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Abraham Lincoln: Vampire Hunter

Abraham Lincoln: Vampire Hunter

by Seth Grahame-Smith

Lincoln's Ax

Symbolism, Imagery, Allegory

Strong as an Ax

Back in Lincoln's day, all they had to kill vampires were axes, unlike today's kids who get tasers and light sabers. Abe's ax starts out pretty humble. The first time he wields it, it's to chop wood, which is a punishment for not hunting (he had a bad run-in with a messy turkey). At first, Abe can barely lift the thing. But the exercise soon makes him strong and eventually he's better at chopping wood than even his dad (1.46-8).

There are no vampires yet—at least, as far as Abe knows—but the ax already has significance. It's a symbol of how strong and skilled Abe is. That connection only grows deeper as Abe learns about vampires and starts training. By the time he's done, "He could bury the head of an ax in a tree from over thirty yards" (3.3).

That last part may not be based on fact, but there is a story about President Lincoln chopping some wood with an ax to prove how strong he was. Lesson learned: ax swinging takes a lot of strength.

Axing Vamps

Once Abe gets introduced to vampires (Abe, meet vampires, vampires, meet Abe), the ax becomes his primary weapon against them. He always carries the same weapons with him: ax, crossbow, and his special-made matches called his "martyr" (4.18). But the ax is really his most-used weapon. In fact, the ax gets mentioned in every chapter—though in Chapter Twelve it's only mentioned in a caption for a picture. By contrast, his crossbow is only mentioned in five chapters. Poor crossbow.

When Abe is hunting vampires, the ax is kept sharp: "He sharpened his ax until the blade 'blinded all who looked upon it'" (2.95). When Abe retires, "The blade of his ax was allowed to rust" (9.16). When Abe comes out of retirement, he "scraped the rust off his ax" (10.65).

That means we can chart how much he's fighting vampires by the state of his ax. And when Abe becomes a vampire, he dreams of hunting vampires with his ax. Well, of course he does—if he's hunting vampires, it's going to be with his ax.

But what's interesting about this mention is how friendly Abe is with his ax: "Over the years, the handle had been worn into the perfect companion for his massive hands. Each furrow a welcoming friend. It was hard to know where he ended and the ax began" (14.7). Abe has had several vampire hunting friends, from Edgar Allan Poe to Ward Hill Lamon. But the friend who stays with him the most is his ax.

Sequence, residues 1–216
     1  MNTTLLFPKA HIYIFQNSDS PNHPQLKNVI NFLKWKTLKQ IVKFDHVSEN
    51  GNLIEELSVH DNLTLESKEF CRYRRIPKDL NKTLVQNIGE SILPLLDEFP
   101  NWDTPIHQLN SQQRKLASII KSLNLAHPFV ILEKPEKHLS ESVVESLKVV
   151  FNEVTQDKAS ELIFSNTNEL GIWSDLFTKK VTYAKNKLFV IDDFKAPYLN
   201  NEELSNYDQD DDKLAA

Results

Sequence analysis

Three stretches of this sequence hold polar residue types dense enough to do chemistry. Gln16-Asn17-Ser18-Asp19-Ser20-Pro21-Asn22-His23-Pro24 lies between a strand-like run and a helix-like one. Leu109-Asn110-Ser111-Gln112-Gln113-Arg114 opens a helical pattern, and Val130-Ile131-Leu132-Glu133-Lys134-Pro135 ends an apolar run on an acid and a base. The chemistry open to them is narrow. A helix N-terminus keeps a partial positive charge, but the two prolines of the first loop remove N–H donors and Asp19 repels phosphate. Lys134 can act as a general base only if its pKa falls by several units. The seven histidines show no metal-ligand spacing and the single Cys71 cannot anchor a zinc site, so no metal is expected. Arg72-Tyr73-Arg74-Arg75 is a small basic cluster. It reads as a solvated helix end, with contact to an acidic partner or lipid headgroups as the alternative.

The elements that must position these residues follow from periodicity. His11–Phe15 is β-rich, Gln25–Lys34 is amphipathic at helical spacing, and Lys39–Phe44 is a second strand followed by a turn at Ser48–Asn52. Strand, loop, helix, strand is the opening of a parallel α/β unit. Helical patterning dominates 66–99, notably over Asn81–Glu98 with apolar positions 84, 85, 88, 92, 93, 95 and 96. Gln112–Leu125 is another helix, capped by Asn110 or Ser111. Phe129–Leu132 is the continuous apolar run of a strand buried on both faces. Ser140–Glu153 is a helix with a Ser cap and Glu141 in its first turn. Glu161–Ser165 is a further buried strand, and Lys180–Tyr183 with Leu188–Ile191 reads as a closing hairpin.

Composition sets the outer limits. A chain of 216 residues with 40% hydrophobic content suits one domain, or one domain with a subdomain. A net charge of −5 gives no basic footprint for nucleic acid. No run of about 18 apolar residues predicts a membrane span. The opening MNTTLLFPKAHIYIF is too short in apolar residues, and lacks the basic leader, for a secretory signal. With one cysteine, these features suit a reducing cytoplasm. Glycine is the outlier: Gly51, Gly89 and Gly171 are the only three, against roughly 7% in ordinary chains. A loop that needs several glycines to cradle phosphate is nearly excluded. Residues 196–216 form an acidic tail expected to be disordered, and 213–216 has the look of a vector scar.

Not Just for Cutting Off Heads

But why does Abe use an ax to kill vampires? Why not something more military-esque like a sword? Maybe that's the answer: a sword only is for violence, but an ax can be used to cut off vampire heads or to chop firewood or to cut rails to build a fence or cabin.

So maybe Abe uses an ax because axes can be used to destroy or to create. When Abe is hired by James Gentry to sail down to New Orleans, Abe "put his ax (and in fairness, the carpentry skills he'd learned from his father) to work building a sturdy, forty-foot flatboat from green oak, cutting each plank and fastening it to his frame with wooden pegs" (4.25). So that ax comes in awfully handy. It's a multipurpose tool in the way that Abe is a multipurpose man—businessman, flatboat sailor, lawyer, politician, president… vampire hunter.

The Real Abe's Real Ax

Abraham Lincoln the man (as opposed to the character) really was associated with an ax. It's all over the pro-Lincoln posters and drawings, which often show him wielding one. Check out this cartoon, in which Abe holds an ax with the words "Emancipation Proclamation" written on it. And here's Lincoln moving in to the White House, carrying a bag and an ax (just the essentials, of course). If only all those cartoonists knew what that ax was really for.

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